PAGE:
Water Bearing Minerals in Noctis Labyrinthus
Water Bearing Minerals in Noctis Labyrinthus
PSP_009474_1705  Science Theme: Sedimentary/Layering Processes
Noctis Labyrinthus consists of a series of pits on the western end of the large Valles Marineris canyon system.

The HiRISE camera and the CRISM spectrometer have revealed that the floors of some of these pits exhibit layered rocks, or strata, that contain minerals with water. These pits were formed several billion years ago, therefore the rocks and sediments on their floors record evidence of water during this period of Mars’ history.

The walls of the pits are commonly covered with dust and other loose sediments that form dunes and dune-like forms, and in many cases the floors of the pits are also covered with these materials. This image shows an example of light-toned layers exposed beneath these sediments and dunes, and CRISM data show that these layers have hydrated minerals. The blue tones in the false color image correspond to areas with more pyroxene, a mineral found in volcanic rocks and Martian dust. Some pits, such as this one, appear to have deposits associated with large landslides that are younger than the hydrated minerals and partially bury them.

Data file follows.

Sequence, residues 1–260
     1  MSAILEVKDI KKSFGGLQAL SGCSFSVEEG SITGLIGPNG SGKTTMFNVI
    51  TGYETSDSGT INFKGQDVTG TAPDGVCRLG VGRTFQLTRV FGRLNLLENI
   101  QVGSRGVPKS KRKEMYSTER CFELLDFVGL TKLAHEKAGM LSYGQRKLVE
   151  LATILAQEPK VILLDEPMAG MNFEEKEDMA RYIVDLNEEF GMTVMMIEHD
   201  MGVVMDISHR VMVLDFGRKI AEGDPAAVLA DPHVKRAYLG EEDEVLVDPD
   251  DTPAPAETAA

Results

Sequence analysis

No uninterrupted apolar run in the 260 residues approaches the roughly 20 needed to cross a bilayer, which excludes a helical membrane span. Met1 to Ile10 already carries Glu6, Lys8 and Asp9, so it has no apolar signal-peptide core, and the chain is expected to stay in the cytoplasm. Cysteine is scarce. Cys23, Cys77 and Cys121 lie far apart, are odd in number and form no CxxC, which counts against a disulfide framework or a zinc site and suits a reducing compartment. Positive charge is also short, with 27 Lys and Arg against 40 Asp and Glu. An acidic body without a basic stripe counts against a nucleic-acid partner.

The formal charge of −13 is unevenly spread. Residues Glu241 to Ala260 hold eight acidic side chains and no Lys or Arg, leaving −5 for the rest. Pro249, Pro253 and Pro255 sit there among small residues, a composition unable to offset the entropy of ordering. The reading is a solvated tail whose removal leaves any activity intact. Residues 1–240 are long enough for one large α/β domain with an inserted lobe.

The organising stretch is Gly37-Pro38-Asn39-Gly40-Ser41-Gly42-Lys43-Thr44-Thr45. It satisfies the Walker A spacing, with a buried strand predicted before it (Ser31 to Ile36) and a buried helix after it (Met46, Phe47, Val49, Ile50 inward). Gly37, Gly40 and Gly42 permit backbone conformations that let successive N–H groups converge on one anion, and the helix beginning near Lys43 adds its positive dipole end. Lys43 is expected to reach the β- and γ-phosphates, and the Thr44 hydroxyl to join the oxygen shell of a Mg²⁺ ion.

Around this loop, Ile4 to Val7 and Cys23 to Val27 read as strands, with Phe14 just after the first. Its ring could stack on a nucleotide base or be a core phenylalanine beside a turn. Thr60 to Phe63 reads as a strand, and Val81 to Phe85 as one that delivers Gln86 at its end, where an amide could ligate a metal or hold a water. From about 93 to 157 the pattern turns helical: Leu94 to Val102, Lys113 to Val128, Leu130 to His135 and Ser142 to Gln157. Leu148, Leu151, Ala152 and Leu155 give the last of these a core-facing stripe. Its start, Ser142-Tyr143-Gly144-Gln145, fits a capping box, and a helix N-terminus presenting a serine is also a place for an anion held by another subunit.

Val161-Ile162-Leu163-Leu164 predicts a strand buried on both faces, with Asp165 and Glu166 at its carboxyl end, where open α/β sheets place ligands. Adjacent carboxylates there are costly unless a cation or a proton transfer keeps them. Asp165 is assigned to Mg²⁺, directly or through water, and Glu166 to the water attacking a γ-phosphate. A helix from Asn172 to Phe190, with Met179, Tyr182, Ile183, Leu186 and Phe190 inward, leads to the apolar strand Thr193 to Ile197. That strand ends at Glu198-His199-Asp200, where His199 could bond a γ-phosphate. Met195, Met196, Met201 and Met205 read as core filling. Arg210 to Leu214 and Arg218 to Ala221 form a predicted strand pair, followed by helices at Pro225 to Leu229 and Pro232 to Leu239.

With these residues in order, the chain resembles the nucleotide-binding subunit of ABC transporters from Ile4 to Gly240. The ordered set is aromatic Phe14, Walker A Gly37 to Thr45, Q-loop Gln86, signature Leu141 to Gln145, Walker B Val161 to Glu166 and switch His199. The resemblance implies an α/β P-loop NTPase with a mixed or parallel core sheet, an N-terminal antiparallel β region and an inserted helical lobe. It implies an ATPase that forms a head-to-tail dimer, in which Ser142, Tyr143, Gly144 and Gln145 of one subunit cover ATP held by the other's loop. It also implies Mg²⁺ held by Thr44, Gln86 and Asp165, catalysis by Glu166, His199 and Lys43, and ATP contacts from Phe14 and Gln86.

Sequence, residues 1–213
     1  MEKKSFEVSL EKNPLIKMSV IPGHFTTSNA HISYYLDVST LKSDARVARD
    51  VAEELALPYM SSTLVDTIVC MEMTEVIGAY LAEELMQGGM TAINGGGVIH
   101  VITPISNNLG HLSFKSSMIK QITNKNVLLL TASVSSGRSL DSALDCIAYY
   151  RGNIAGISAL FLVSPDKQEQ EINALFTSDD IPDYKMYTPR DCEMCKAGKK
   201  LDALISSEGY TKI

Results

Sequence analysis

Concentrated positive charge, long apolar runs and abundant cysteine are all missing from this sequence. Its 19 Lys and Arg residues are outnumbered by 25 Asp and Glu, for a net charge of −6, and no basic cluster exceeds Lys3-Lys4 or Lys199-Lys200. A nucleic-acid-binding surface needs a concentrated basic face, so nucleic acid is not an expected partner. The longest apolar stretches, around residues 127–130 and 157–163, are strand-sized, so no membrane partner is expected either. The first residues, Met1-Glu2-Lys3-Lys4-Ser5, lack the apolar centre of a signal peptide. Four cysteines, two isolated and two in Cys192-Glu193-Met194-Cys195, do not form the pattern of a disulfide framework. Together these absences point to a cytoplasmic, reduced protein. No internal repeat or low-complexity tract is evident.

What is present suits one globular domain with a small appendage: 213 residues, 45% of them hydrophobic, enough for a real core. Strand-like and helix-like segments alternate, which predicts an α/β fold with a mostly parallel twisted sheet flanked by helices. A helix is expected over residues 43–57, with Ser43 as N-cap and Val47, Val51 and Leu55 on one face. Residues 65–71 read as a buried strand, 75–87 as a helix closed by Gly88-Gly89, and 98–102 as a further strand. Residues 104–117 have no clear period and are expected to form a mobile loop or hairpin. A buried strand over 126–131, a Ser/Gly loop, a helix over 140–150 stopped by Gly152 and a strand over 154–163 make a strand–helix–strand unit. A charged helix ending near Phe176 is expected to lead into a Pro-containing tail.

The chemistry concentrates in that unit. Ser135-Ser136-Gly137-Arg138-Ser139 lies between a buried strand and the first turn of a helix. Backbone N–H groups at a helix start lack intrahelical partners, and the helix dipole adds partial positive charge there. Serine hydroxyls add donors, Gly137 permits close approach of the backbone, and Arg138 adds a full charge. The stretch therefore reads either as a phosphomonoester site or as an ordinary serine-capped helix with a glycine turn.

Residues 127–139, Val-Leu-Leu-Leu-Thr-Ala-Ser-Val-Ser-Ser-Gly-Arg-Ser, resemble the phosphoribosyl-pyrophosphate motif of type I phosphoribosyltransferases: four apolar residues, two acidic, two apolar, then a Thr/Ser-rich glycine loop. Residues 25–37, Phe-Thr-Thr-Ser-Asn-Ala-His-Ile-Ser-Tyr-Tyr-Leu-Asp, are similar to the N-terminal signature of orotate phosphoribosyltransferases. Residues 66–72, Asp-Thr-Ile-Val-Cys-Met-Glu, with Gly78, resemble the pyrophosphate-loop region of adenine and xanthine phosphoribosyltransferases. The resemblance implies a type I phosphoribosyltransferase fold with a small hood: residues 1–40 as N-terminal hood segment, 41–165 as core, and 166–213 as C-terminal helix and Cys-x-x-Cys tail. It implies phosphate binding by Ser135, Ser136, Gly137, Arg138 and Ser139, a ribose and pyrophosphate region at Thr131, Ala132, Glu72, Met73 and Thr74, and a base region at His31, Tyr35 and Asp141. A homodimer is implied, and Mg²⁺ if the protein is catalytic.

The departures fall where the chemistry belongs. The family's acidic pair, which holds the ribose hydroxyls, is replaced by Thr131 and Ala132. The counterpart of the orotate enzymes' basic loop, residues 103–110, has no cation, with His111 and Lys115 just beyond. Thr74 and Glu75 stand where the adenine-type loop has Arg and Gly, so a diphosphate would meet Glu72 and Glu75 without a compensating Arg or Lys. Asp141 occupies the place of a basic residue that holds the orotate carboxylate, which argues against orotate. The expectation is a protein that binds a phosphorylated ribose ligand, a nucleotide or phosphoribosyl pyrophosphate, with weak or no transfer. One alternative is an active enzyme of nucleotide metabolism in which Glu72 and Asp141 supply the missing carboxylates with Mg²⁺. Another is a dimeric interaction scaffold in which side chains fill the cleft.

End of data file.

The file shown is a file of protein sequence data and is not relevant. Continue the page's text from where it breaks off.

Written by: Ralph Milliken  (24 September 2008)

This is a stereo pair with PSP_010107_1705.
Acquisition date
03 August 2008

Local Mars time

Latitude (centered)

Longitude (East)

Spacecraft altitude
258.5 km (160.7 miles)

Original image scale range
51.8 cm/pixel (with 2 x 2 binning) so objects ~155 cm across are resolved

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50 cm/pixel and North is up

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Phase angle

Solar incidence angle
61°, with the Sun about 29° above the horizon

Solar longitude
107.7°, Northern Summer

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North azimuth:  97°
Sub-solar azimuth:  40.4°
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NASA’s Jet Propulsion Laboratory, a division of the California Institute of Technology in Pasadena, Calif., manages the Mars Reconnaissance Orbiter for NASA’s Science Mission Directorate, Washington. The HiRISE camera was built by Ball Aerospace and Technology Corporation and is operated by the University of Arizona.